The local impact of eliminating insurance subsidies

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GREEN BAY, Wis. (WBAY) - Local health organizations say President Trump's decision to end federal subsidies for health insurance will cause all kinds of uncertainty for patients.

"A lot of people are going to have some pretty significant sticker shock here in the next 30 days," Dr. Ashok Rai, president and CEO of Prevea Health, said.

Rising premiums and removal of federal subsidies will affect thousands of people in Northeast Wisconsin who may now find health insurance unaffordable when the federal marketplace opens November 1.

"The subsidy support made premiums affordable. They made co-pays affordable. They made pretty much everything affordable for those in a low-income standpoint. There are those who qualify for medicaid in this state and then there are those who are low-income who don't qualify for Medicaid," Rai said.

Jim Dietsche, chief financial officer for Bellin Health Systems, added, "What we really don't know right now is, those rates are not available, so we don't know how much those rates have gone up, and we really won't know until the beginning of November."

Experts expect insurers to bail on the federal exchange's 2018 enrollment because it will be too expensive.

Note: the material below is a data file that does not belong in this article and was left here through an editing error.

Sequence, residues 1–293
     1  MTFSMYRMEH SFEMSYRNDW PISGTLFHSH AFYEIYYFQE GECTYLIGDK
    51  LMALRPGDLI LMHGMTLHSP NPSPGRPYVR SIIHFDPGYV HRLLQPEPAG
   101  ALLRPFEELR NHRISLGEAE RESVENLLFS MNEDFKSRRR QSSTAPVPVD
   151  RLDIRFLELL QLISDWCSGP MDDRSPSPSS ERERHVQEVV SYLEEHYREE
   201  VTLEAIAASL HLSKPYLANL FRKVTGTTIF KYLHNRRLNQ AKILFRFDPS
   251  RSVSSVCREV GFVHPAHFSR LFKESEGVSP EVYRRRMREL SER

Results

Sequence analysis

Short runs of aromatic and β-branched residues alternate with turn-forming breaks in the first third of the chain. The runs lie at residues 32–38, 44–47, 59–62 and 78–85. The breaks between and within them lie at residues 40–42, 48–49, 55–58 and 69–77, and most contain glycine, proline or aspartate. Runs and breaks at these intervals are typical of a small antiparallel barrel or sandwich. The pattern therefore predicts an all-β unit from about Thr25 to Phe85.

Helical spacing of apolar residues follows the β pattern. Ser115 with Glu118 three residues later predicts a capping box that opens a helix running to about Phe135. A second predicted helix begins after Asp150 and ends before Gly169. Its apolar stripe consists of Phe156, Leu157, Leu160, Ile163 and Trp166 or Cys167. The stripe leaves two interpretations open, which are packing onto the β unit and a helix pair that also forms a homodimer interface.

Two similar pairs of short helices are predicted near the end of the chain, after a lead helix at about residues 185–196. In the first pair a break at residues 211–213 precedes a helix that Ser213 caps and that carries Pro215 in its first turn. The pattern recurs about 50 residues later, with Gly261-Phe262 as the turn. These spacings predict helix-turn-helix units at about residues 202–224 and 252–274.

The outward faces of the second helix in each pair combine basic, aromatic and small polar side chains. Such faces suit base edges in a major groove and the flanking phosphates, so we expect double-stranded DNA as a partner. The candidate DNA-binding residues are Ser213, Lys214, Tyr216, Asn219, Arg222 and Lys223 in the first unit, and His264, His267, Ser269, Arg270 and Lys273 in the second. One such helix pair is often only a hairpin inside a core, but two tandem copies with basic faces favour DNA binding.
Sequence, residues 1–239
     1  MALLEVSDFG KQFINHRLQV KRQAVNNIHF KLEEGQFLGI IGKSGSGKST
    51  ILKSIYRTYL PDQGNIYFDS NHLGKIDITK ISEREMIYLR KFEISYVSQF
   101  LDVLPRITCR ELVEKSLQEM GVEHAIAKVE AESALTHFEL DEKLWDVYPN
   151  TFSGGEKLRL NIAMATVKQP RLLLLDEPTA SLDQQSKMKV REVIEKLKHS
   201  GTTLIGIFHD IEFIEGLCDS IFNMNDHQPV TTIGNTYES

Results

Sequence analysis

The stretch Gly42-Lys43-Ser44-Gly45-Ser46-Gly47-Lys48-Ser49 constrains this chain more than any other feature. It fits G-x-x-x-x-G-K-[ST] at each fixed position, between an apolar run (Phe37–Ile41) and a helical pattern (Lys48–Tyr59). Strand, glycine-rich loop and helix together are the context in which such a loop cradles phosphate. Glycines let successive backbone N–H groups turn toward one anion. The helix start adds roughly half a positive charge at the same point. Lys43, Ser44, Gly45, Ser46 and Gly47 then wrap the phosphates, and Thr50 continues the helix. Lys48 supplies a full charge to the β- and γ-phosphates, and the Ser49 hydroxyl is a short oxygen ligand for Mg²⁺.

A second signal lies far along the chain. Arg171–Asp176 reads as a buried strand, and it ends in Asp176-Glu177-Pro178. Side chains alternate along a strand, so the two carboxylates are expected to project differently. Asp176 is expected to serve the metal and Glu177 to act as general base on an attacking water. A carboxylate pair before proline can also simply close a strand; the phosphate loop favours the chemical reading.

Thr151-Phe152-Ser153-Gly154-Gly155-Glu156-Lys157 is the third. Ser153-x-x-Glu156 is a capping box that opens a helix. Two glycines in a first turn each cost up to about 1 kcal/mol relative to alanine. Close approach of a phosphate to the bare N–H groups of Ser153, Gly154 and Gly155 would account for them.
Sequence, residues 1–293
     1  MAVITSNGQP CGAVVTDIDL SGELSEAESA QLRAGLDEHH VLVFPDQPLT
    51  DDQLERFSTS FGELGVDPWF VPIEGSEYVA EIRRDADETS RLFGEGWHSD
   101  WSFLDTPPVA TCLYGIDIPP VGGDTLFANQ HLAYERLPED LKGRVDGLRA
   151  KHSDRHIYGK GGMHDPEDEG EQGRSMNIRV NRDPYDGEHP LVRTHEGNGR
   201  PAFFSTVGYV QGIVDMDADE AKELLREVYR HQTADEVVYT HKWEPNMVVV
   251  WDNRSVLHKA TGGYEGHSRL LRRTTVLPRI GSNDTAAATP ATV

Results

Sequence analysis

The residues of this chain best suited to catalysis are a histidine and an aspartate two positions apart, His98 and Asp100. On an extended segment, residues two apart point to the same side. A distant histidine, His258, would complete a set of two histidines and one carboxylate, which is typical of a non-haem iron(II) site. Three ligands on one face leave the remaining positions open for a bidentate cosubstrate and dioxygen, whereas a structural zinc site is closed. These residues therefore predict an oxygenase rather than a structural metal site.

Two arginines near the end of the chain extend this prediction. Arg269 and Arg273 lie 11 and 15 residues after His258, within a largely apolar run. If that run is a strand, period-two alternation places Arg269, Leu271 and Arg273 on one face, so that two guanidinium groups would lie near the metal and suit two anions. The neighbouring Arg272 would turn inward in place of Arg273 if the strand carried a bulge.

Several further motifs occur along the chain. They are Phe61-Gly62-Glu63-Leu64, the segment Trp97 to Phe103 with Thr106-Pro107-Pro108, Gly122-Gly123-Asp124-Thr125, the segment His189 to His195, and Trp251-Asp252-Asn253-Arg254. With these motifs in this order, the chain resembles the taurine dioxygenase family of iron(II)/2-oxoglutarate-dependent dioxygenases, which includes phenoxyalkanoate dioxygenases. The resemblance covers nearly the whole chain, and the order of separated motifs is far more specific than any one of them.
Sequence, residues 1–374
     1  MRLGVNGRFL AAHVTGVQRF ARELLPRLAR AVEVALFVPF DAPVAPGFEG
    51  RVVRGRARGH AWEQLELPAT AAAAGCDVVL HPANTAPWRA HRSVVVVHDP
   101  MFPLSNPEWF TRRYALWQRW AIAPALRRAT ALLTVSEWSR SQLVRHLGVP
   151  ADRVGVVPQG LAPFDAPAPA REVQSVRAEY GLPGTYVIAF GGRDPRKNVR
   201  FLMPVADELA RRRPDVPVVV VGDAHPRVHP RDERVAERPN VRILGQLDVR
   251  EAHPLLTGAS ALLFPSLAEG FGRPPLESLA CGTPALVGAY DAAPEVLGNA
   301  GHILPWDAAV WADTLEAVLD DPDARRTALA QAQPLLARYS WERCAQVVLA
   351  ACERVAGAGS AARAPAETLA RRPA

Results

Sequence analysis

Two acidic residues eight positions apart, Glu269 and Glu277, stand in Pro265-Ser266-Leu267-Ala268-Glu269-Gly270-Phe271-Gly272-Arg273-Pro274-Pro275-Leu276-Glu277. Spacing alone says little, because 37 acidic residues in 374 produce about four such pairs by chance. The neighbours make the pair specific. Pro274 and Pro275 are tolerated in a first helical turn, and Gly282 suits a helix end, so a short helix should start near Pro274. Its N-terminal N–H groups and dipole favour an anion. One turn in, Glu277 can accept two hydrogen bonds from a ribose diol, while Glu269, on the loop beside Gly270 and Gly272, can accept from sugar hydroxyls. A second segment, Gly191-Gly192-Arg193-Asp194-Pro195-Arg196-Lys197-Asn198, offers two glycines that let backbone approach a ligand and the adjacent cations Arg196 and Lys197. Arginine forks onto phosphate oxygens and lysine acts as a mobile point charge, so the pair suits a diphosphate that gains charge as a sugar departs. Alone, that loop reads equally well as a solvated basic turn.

Rai predicts thousands of local patients will have to switch providers.

"Some will have to. Those with chronic disease, especially those with some pediatric sub-specialties such as childhood cancer or some of the other sub-specialties that have been traditionally able to get their care in Green Bay, will now have to drive over two-and-a-half hours to Milwaukee or Madison," he said.

Dietsche says people need much more certainty than they have right now.

"That creates more stability and less anxiety -- not only as an individual, but as a health care delivery system," Dietsche said. "Certainty is much better going forward, but right now it's an uncertain time."

State officials said Friday they expected federal subsidies for low-income health plans would end. They're projecting premiums for those plans will rise 36 percent next year.

The money goes to companies for lowering out-of-pocket costs like co-payments and deductibles for low- and middle-income customers.

The subsidies cost the federal government about $7 billion this year, but the Congressional Budget Office estimates eliminating the subsidies will increase the national deficit by $194 billion over ten years.



 
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